7 Ways to Argue Effectively (Part 2)

 

MP900422476 Following on from last week’s post, here are the next 4 ways to argue effectively:

Stick to the Point  

Don’t get side tracked into other issues.  Take one thing at a time.  Make a list if you have to but keep to the point. Think about what you are trying to get out of the argument – for example, if you want to make a point do so clearly and keep on repeating it as long as it takes to get the point home.

Remember this is not about getting the other person to agree with you (although that would be nice) but simply about them hearing your point of view.

Don’t try and talk about too many things at once. Very often when an argument starts it is tempting to bring up all sorts of events that you feel the other person did not handle well. However, all this does is prolong the argument and ends up like scoring points…”and another thing!”  

Don’t put off discussions for too long. 

If you put off having a discussion for too long it may mean both of you have time for your feelings to fester.  When you do this what usually happens is you end up arguing about something else totally unrelated!  Don’t put your head in the sand.  So many arguments could be avoided if people shared all the little things that bug them when they happen.  People often tell me they don’t want to say anything because it might sound petty.  However, it’s all those petty things that get stored up that one day get let out all at once usually in a major argument over nothing at all.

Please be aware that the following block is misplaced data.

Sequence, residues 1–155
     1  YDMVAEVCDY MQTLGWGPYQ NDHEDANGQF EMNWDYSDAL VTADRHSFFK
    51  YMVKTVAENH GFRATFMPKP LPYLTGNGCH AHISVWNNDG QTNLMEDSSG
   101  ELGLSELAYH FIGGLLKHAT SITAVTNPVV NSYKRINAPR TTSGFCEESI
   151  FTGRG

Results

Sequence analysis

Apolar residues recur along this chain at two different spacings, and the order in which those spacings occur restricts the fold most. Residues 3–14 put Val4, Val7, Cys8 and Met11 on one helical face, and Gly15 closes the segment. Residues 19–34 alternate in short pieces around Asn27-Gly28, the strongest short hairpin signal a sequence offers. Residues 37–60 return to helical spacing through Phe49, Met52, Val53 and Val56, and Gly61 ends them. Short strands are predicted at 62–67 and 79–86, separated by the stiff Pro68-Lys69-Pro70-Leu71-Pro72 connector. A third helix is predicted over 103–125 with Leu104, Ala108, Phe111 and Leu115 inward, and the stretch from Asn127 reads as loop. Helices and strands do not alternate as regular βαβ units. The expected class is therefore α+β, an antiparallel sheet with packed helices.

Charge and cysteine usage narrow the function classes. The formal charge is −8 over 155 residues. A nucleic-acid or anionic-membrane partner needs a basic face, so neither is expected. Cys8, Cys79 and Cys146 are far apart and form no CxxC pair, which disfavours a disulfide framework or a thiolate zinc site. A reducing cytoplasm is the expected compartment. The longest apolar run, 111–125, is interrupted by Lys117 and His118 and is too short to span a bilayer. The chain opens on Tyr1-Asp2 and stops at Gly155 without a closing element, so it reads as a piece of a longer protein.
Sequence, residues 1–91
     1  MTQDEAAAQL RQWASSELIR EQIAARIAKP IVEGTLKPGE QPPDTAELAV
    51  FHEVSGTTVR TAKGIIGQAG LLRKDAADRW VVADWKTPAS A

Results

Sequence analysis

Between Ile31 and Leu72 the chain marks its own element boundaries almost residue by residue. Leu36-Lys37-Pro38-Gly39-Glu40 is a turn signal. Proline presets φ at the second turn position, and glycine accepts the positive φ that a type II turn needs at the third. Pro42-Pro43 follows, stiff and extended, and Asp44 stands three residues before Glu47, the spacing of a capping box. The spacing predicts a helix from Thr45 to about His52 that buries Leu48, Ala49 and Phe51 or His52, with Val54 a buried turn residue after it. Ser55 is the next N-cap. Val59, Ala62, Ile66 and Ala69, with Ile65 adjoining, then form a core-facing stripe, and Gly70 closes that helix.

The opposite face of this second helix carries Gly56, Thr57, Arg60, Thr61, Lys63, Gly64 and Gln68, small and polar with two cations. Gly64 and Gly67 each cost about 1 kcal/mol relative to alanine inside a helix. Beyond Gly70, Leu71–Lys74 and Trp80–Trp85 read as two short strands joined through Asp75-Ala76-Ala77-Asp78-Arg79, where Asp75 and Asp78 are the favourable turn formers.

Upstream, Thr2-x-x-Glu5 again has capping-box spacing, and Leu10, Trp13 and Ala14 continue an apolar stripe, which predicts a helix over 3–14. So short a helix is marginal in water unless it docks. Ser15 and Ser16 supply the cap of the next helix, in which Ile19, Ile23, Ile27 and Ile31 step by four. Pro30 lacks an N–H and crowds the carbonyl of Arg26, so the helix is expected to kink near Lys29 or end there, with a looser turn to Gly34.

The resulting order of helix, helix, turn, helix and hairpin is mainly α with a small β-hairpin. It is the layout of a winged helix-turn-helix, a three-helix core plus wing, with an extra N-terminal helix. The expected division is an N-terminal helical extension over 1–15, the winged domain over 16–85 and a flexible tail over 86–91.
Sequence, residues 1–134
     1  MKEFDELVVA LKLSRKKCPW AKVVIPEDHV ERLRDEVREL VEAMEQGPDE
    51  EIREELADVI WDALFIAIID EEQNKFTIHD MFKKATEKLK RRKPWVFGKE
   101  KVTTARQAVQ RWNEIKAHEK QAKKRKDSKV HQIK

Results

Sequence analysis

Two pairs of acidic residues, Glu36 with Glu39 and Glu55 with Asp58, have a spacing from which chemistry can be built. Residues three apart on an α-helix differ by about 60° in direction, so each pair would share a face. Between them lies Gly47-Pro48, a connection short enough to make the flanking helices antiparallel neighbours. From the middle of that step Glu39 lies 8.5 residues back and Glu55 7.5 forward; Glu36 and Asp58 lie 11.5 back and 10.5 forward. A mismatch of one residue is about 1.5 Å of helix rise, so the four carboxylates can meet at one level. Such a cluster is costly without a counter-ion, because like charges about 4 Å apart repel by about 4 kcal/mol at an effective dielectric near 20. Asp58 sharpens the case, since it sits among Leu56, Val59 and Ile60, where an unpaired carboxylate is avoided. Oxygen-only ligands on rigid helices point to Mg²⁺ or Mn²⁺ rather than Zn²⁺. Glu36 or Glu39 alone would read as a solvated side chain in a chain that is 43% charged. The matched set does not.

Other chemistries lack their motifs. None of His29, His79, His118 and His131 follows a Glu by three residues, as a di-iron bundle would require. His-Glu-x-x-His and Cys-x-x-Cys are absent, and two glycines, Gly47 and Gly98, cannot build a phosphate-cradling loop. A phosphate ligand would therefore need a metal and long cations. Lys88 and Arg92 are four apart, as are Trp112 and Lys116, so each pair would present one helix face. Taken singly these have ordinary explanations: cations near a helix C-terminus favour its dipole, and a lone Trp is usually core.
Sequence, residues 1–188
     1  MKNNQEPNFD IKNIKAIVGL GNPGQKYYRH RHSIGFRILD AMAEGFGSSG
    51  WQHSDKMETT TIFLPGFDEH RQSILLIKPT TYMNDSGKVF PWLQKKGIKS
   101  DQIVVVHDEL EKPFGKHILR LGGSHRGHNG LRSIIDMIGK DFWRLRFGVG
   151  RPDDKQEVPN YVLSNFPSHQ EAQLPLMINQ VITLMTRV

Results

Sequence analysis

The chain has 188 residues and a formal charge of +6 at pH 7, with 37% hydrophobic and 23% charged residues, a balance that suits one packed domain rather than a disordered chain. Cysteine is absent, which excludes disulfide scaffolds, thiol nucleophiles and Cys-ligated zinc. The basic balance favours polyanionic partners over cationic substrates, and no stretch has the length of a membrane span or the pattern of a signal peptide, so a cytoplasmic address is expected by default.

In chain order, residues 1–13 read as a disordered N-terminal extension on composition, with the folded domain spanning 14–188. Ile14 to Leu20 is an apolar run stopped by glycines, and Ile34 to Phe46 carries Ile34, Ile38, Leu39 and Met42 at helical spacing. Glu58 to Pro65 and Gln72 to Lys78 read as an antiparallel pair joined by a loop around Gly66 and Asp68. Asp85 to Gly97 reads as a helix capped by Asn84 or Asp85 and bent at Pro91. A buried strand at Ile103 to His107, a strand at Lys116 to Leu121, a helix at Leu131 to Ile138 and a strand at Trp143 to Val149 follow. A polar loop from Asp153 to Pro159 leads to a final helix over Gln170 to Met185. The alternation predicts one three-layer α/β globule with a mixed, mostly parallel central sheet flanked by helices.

Don’t Blame Others.

You are responsible for your own feelings  It is too easy to blame others. People are not mind readers – just because you think something doesn’t mean the other person has too or that you are right.  People are brought up differently with different rules about how to behave and, if you assume that all people should think the way you do, it will only lead to problems.

Can you remember the first time you went to a friend’s house and saw his or her family doing something differently to your own? – I imagine you thought it was odd and up until that point you had thought everyone did everything the way your family did.

Look for a “win/win”

Many people approach arguments as if they are a life and death situation.  Research has shown that successful and happy people look for a “win/win” in their disagreements with others.  Compromise is not a dirty word – those who know how to compromise usually end up far better off than those who don’t.  What’s the point of hurting your relationship just to prove you were right?

I hope you have found these strategies helpful – you might also be interested in my book: No More Anger: Be Your Own Anger Management Coach

 

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